1) The Fowler House
The old, one-legged sea captain who built this house in the 1800s showed his New
England roots by giving the roof an unusually high pitch "to prevent the
accumulation of snow". Even light snow is rare in Fort Gaines.
2) The J.E. Coleman House
This house was built in the 1880s by a game rooster breeder named Frederick
Grist, famous among his contemporaries as well as gamecock breeders today. It is
now occupied by Fort Gaines's most enthusiastic historian, James Edgar Coleman.
3) The J.M. Coleman House
Built in 1880, this house is still occupied by a fifth generation descendant of the builder.
4) The McRae House
This house served as a barracks for Confederate officers during the Civil War.
5) The McAlister House
The kitchen of this house, detached from the main building, served as the area courthouse prior to 1850. Later, several Union prisoners were housed here due to overcrowding at the Andersonville hospital.
6) The Brown Cottage
James Mason Brown served in the Confederate Army at age 14. After the war, he
couldn't get a ride home from Atlanta, so he walked - over 180 miles - and fell
asleep exhausted on his porch when he got home. His family found him the next
day, disgusting and dirty, but happy to be home.
7) The Walter Ray House
Originally, this house faced the dusty, busy thoroughfare of Commerce Street. The house's owner didn't like the bustling view from his porch, so he had the house turned around. Now it faces Jefferson Street.
8) The Grimsley House #I
From 1847 to 1904, this was a local Presbyterian Church.
9) Frontier Village
The buildings around this area are collectively known as Frontier Village.
10) The Bluff
This cliff is approximately 130 feet high. During times of war, it gave a
commanding view of river traffic and enemy movement. The Alabama state line
is on the far bank.
11) Frontier Cemetery
This tiny lot houses the centuries-old graves of Fort Gaines founding father John Dill and John Brown, the 2nd president of Franklin College, which is now called the University of Georgia.
12) The John Foster House
This L-shaped house faces both Commerce and Troup streets. Built in the 1800s, it adjoins the next. To get from one end of the house to the other, you have to go through every room.
13) The Iron House
After the Civil War, the original owner of this house moved to Fort Gaines and built a bar. He often sampled his own "wares" and then stumbled down the street to see how the construction of his new house was coming. Drunk, he was repeatedly convinced the house was leaning, so he ordered the builders to use more and more nails. They eventually used so many that the house was soon dubbed The Iron House.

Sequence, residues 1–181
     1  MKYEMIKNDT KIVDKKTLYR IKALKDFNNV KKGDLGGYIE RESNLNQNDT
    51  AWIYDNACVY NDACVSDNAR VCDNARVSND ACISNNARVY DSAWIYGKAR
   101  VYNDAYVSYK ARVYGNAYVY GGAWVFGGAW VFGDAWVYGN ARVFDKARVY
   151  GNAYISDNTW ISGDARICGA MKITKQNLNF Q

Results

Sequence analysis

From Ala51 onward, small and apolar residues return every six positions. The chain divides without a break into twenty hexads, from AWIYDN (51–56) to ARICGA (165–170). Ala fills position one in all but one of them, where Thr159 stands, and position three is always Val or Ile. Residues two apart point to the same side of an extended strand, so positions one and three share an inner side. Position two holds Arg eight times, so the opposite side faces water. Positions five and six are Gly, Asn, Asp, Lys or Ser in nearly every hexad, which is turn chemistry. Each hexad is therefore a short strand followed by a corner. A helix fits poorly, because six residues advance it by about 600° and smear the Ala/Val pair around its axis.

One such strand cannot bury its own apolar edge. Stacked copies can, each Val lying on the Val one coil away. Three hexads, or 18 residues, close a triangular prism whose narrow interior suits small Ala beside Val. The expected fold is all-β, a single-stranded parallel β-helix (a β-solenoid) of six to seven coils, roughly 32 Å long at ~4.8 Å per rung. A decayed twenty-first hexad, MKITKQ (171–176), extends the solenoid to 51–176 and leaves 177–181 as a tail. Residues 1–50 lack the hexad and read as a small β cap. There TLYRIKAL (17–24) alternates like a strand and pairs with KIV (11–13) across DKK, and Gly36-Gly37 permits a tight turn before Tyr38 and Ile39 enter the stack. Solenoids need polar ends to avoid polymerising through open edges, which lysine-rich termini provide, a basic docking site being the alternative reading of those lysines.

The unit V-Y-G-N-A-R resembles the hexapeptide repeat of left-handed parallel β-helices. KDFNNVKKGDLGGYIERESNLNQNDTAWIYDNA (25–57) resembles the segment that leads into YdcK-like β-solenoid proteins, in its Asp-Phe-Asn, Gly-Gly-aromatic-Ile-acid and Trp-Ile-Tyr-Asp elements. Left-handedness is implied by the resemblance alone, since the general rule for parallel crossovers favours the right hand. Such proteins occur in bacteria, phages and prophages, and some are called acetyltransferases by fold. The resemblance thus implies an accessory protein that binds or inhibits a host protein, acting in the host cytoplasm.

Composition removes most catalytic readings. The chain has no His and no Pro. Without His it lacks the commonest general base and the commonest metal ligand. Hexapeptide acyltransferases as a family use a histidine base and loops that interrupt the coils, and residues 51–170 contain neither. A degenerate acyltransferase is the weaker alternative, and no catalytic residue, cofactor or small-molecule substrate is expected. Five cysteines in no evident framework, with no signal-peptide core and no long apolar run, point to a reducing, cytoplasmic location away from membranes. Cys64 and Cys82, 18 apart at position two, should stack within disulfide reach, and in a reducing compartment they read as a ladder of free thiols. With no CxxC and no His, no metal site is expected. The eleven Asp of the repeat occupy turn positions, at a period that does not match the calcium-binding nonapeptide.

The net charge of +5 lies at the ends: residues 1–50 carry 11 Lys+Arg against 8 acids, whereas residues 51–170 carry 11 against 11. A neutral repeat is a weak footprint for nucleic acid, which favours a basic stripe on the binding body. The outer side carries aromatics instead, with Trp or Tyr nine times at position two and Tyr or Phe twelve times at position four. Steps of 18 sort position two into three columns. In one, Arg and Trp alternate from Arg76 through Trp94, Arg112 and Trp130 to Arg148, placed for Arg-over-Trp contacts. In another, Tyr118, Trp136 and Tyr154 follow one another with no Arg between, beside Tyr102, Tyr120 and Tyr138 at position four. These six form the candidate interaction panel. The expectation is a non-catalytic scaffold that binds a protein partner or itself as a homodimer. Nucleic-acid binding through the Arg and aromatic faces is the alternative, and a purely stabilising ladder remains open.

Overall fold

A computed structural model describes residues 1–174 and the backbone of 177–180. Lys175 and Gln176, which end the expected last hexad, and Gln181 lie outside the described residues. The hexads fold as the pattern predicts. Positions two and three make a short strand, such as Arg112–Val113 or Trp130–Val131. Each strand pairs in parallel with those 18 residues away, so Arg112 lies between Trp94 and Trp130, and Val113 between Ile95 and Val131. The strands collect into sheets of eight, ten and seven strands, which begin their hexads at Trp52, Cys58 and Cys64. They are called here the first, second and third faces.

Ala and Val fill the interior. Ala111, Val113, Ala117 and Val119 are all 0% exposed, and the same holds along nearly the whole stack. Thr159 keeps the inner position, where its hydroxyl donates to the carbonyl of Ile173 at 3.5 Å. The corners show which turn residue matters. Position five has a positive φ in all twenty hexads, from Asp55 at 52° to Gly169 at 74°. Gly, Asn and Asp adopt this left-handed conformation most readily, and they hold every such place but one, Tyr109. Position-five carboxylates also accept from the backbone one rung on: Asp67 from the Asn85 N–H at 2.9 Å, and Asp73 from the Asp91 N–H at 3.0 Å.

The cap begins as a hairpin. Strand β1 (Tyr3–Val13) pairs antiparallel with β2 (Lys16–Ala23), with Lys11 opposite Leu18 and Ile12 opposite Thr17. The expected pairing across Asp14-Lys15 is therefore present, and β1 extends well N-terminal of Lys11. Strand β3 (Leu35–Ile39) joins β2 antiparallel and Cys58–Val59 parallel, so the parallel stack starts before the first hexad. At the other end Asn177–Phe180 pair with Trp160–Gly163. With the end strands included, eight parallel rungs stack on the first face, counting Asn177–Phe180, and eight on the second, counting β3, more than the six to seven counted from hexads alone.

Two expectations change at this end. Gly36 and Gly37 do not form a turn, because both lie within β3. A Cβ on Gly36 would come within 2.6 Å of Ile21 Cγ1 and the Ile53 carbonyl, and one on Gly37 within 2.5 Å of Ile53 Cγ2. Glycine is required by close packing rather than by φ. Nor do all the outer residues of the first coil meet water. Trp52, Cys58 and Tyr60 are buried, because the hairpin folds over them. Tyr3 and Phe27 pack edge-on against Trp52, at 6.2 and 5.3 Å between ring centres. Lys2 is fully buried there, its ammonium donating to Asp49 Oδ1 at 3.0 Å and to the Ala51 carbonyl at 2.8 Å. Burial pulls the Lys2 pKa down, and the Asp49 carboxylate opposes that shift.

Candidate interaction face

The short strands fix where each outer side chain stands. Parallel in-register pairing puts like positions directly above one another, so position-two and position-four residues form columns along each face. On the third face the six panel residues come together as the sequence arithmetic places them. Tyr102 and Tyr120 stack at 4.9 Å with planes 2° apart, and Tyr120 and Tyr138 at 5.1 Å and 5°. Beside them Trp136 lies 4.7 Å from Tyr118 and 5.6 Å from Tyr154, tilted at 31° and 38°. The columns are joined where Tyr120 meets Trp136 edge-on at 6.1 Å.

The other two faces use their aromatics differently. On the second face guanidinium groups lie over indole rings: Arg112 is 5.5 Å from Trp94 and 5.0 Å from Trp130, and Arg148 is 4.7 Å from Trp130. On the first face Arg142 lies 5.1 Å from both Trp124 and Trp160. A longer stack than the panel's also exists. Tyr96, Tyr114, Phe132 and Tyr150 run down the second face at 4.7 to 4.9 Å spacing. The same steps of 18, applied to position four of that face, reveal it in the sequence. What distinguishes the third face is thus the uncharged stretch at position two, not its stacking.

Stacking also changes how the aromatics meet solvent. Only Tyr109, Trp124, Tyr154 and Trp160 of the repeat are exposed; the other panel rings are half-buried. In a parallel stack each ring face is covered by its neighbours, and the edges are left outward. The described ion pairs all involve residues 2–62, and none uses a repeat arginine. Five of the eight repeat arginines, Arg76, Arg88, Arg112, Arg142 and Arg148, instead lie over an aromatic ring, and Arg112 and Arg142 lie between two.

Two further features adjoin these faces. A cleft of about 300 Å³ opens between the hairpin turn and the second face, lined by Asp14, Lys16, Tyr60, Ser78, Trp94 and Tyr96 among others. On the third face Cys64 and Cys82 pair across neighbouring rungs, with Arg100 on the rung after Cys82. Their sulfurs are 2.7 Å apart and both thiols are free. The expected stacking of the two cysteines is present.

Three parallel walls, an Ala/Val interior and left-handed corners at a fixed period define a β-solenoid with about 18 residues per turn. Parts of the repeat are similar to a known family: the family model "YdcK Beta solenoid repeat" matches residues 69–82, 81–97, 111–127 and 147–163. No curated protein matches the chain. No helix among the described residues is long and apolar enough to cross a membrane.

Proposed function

14) Police Dept. / City Hall
This actually used to be a rough and tumble bar in the early 1800s. Then one
night, a fight broke out, a lantern was knocked over, and a fire burned the
building down. As they drunkenly watched the flames, many feared he whiskey kegs
would blow. Turns out the proprietor, old man Miller, had so watered them down
they wouldn't even burn. Without a bar or much of a reputation remaining, Miller
15) The Coleman Opera House
Built in 1880, New York thespians and singers would spend summers here, fine
tuning their shows for Broadway in the fall. Later, it was converted into a movie
theater. It closed in 1936.
16) Wayside Inn
In 1863, this building served as a Confederate Hospital.
17) The Brown House
Built around 1830, this house has been a private residence, a hotel, and an annex to the Dill House.
18) The Dill House
This was the home of General John Dill. Dill's wife was the widow Elizabeth
Stewart, one of three survivors of the massacre that sparked the first Seminole
War in this area in 1817 - 1818. Built by John Dill, military aide to General
Edmund Pendleton Gaines, about 1827. Later remodeled and used as a hotel. Open
by appointment only. National Register of Historic Places
19) The Coca-Cola Sign / Sutton's Corner Museum
Restored several years ago, this sign advertises the world famous beverage for only 5 cents. Hard to believe, isn't it?
20) The Grimsley House #II
Two young men once courted the same woman. The "loser" of this love triangle made
an unusual vow - that he would marry his competitor's first daughter. And he did!
Upon his death, his widow ordered this house from Sears and Roebuck (who sold
even houses in those days) and moved in.
21) The Sutlive House
Built in 1820 by John Sutlive, who operated a ferry across the Chattahoochee
River until a wooden bridge was built in 1841.
22) The Courthouse
Most southern towns have their courthouse in the middle of town square - not so
Fort Gaines. You see, Fort Gaines is so old it was already laid out and settled
before an official government - and the need for a courthouse - was established.
Thus the Fort Gaines courthouse became the courthouse
long after it was built.
23) New Park Cemetery
Gazebo at the Cemetery. Besides having graves that predate the turn of the century, this old cemetery
also boasts a gazebo built on top of a Native American burial mound that dates
back to 200 A.D.